A new study suggests that a diet rich in vitamin A may help lower the risks of skin cancer. Vitamin A provides antioxidants that can combat carcinogenic free radicals.
Lowering The Risks Of Skin Cancer
People who are consuming more food and supplements that are high in vitamin A could lower their risk of having cutaneous squamous cell carcinoma, a form of skin cancer, by 17 percent. Squamous cell carcinoma is the second-most-common type of skin cancer that can affect people with fair skin color.
"These findings just add another reason to have a healthy diet with fruits and vegetables. Vitamin A from plant sources is safe," said Eunyoung Cho, associate professor of dermatology and epidemiology at Brown University and the study's lead author.
The research involved data from about 125,000 Americans who participated in two large, long-term observational studies — the Nurses' Health Study and Health Professionals Follow-up Study. The volunteers' average age was in the early 50s and the majority had no prior history of cancer and completed the dietary reports multiple times.
Information about the participants' hair color, the number of severe sunburns they had in their lifetime, and any family history of skin cancer were asked in the research. The study, however, did not probe the participants' avoidance of mid-day sun, which is known to be a major risk factor for skin cancer.
Subsequent analysis, a total of 3,978 cases of squamous cell carcinoma were reported and verified within the 24- or 26-year follow-up periods.
Diet Of Fruits And Vegetables Rich In Vitamin A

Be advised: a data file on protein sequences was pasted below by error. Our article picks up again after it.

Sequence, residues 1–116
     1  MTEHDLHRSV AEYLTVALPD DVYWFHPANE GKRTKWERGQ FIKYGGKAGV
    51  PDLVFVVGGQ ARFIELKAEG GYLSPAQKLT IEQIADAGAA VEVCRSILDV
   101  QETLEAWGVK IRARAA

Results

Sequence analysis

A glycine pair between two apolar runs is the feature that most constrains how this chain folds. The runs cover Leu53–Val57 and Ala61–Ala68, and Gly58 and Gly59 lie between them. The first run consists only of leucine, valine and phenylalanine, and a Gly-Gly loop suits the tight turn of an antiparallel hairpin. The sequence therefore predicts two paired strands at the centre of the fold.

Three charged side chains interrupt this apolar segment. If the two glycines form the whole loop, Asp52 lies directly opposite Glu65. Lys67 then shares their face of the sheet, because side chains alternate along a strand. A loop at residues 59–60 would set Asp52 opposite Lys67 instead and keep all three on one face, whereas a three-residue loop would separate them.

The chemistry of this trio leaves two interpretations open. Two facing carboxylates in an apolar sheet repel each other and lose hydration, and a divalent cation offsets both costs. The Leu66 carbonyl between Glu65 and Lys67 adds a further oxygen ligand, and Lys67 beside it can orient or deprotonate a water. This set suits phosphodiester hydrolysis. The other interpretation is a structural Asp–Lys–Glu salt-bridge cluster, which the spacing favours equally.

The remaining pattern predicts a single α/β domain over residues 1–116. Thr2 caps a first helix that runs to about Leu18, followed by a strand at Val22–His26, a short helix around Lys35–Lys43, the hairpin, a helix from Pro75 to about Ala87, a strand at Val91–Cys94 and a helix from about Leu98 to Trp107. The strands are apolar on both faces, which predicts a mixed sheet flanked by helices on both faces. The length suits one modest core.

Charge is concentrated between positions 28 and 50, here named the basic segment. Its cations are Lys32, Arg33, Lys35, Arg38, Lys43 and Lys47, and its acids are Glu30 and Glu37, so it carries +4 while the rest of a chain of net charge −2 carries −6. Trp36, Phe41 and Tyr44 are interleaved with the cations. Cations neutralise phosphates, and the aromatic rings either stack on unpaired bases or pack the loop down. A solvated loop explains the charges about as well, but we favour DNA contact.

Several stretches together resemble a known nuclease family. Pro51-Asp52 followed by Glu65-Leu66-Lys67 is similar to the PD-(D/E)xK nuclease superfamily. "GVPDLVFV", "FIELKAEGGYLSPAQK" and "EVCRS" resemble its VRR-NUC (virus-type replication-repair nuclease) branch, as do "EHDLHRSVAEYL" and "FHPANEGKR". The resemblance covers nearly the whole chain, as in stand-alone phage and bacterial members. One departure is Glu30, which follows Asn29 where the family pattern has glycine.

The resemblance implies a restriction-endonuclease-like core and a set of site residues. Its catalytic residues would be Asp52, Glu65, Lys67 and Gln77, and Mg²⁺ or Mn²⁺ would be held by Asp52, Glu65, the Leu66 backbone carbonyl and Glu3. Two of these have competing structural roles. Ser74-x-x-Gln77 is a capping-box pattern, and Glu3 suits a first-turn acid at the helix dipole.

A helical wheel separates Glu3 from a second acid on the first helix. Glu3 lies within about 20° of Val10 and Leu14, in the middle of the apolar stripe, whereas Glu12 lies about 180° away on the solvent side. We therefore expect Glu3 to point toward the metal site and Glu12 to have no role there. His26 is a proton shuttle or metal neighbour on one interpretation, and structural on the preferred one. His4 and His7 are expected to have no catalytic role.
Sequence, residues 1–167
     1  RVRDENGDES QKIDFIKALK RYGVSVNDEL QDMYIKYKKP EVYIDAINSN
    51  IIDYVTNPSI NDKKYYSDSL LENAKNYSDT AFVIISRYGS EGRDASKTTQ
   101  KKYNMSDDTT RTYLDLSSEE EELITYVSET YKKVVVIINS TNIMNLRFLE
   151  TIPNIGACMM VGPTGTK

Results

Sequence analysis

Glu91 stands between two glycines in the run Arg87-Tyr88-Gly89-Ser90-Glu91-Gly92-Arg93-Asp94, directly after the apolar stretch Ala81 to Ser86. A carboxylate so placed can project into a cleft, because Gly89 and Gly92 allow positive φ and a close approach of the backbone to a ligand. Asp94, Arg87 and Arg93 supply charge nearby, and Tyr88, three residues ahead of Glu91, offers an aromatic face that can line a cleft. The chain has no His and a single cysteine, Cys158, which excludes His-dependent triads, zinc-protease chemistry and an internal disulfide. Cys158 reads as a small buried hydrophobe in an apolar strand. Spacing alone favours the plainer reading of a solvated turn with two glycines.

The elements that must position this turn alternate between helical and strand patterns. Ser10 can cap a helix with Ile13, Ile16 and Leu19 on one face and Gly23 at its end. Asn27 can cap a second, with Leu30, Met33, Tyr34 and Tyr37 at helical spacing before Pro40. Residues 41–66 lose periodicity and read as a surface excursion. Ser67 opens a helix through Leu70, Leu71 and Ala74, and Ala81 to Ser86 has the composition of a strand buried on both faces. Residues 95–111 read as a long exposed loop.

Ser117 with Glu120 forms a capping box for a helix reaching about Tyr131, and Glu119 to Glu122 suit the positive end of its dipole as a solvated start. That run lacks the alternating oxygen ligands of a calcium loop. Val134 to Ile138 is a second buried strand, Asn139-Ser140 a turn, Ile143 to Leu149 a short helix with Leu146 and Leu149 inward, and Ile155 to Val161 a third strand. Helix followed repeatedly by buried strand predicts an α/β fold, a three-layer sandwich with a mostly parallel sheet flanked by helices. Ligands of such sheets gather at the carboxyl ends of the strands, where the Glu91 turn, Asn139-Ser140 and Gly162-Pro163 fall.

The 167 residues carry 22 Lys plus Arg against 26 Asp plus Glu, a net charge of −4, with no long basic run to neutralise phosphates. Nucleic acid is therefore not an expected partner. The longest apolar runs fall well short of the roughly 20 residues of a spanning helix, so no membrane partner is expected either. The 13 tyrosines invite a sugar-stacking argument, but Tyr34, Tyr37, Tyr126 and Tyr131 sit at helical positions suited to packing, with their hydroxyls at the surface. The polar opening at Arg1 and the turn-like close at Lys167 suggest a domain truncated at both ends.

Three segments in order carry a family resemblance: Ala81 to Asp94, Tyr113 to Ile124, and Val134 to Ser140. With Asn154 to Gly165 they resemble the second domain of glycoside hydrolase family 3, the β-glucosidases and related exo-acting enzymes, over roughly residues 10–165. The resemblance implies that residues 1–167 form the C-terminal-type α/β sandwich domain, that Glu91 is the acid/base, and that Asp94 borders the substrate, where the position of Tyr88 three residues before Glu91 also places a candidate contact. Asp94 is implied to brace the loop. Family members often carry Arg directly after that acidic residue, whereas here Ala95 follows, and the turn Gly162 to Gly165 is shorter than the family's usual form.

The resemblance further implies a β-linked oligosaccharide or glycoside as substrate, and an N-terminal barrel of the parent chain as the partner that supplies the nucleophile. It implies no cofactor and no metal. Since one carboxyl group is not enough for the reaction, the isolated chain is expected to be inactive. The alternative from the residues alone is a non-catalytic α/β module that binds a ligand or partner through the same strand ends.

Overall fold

The participants were categorized into five groups depending on their vitamin A consumption levels. The research also found that the main source of vitamin A came from fruits and vegetables rather than animal sources or food supplements.
People in the category with the highest average daily total vitamin A intake reported eating the nutrient equivalent of one medium baked sweet potato or two large carrots each day. On the other hand, study volunteers in the lowest category ate a daily average amount of vitamin A equivalent to only one-third cup of sweet potato fries or a small carrot.
As the study suggests, those who are consuming more than 21,000 I.U. of vitamin A daily are less likely to develop skin cancer compared to their counterparts in the lowest category with an intake of only 7,000 I.U. daily.
Likewise, plant-based pigments similar to vitamin A, such as lycopene, was also linked to decreased skin cancer risks. Nearly 4,000 people have developed squamous cell skin cancer during more than 25 years of follow-up.
The study's next clinical trial will probe if vitamin A supplements can help prevent skin cancer.